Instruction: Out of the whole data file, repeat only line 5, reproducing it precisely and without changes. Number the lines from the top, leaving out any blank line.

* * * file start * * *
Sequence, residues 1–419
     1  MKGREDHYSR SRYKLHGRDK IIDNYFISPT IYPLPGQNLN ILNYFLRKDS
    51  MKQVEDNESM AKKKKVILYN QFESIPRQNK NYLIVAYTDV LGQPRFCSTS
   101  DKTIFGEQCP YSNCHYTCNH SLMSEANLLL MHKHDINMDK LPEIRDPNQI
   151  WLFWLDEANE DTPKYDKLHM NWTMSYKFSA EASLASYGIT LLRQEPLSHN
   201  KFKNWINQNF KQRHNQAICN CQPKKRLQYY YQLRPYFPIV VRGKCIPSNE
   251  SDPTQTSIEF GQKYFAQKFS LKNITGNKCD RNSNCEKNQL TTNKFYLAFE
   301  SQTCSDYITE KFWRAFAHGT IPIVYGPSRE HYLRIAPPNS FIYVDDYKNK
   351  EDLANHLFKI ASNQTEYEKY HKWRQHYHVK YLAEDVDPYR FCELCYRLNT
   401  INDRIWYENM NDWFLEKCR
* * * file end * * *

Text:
   151  WLFWLDEANE DTPKYDKLHM NWTMSYKFSA EASLASYGIT LLRQEPLSHN